Essay

'Beowulf' Movie Magic Can't Conjure The Poem's Bare-Bones Enchantment

Alice and Martin Provensen's spare illustrations strike a blow for the power of simpler storytelling.
Alice and Martin Provensen's spare illustrations strike a blow for the power of simpler storytelling. (Illustration By Alice And Martin Provensen)

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By Blake Gopnik
Washington Post Staff Writer
Thursday, November 22, 2007

The great hero Beowulf, wrestling with the monster Grendel, split the sinews of his foe and snapped his arm off at the shoulder. Going up against the monster's mother, he slammed her to the earth, then sliced her neck through with a sword.

That's nothing to what Beowulf did to me, about 20 years ago. He forced me to memorize the full beon and wesan forms of the Anglo-Saxon verb "to be," even in the preterite subjunctive. He made me write out cue cards for most of the 3,200 different words of his tale, so that I'd remember such useful terms as haeft-mece ("hilted sword"), sex-ben ("dagger wound") and galg-treow ("gallows tree"). He got me to recite the declensions of five noun classes in three genders across four cases. (After I'd crammed on what a case was, how to decline across it and what the Anglo-Saxons did to end up with three genders.)

Unlike Grendel or his mom, I gained from the assault. By learning Anglo-Saxon, I got to sink deep into the strangeness of "Beowulf," the poem composed in England sometime before 1000, and enter the imagined universe of Beowulf, its 6th-century hero. I learned to enjoy the allusive elusiveness of its circumlocutions, the drumbeat of its rhythms, the spell of its endless alliteration:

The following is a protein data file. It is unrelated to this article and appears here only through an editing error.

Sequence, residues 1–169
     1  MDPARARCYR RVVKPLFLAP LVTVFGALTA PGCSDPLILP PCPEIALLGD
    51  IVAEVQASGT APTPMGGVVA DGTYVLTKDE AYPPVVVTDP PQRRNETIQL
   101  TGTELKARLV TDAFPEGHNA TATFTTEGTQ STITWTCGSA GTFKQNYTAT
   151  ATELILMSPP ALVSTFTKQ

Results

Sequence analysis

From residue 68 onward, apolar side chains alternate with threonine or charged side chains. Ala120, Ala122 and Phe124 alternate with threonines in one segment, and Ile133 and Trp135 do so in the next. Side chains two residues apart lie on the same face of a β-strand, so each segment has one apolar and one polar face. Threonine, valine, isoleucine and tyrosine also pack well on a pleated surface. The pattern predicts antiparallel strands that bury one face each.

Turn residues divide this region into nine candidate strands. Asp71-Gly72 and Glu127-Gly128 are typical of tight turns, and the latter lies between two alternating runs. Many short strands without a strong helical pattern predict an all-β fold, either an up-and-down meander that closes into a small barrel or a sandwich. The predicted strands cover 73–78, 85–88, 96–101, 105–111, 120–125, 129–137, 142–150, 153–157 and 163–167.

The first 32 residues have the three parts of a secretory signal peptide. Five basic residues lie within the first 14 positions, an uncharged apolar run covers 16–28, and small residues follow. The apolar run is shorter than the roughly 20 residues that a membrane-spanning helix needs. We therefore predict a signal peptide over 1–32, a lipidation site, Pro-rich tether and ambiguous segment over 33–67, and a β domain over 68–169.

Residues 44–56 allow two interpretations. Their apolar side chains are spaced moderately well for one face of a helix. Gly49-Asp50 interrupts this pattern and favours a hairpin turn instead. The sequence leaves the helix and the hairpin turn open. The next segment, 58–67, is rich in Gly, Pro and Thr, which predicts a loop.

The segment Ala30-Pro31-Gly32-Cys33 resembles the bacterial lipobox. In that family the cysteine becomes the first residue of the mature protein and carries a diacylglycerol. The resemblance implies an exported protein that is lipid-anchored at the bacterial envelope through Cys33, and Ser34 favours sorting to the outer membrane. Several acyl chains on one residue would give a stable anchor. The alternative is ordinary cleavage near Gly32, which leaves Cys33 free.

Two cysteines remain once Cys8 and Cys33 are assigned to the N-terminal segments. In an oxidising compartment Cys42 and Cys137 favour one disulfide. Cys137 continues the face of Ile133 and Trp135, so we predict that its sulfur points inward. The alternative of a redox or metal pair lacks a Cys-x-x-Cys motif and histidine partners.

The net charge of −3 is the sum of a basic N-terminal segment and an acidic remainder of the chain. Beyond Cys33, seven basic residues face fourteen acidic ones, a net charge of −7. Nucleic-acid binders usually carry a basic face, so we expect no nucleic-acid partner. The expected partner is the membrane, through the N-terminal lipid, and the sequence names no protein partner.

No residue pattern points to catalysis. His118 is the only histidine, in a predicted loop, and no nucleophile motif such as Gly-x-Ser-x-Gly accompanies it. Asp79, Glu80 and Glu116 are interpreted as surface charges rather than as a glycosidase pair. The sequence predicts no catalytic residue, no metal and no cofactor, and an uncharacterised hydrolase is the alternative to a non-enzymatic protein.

Hot pain anguished the shape of terror; on his shoulder spread

a great gash bursting, gaping sinews,

breaking the bone-case. Beowulf was granted

glory in battle; and thence Grendel fled

fatally wounded . . .

(Even the most determined translation barely captures the original's effects.)

I got to explore the power of the poem's minimal descriptions and the force of its one-thing-after-another plot. After a year of living with "Beowulf" in Montreal -- as McGill University's lone student in medieval studies -- I found myself falling for the martial code the poem is built around and the pagan world that it depicts.

Then this week I saw "Beowulf," the new Robert Zemeckis movie, screened in Dolby 3-D Digital with booming surround sound and the latest in high-tech-enhanced, live-as-life animation.

It wasn't at all bad, as such comic books go. And it was surprisingly, even perversely faithful to the poem, in details large and small. (Critics everywhere have complained that Beowulf chooses to show off his digital six-pack by fighting Grendel naked. But, as a scholar might put it, there's textual support for that reading: The poem takes 20 lines to describe Beowulf stripping off his armor as he goes to bed before battle. It never mentions him getting dressed again.)


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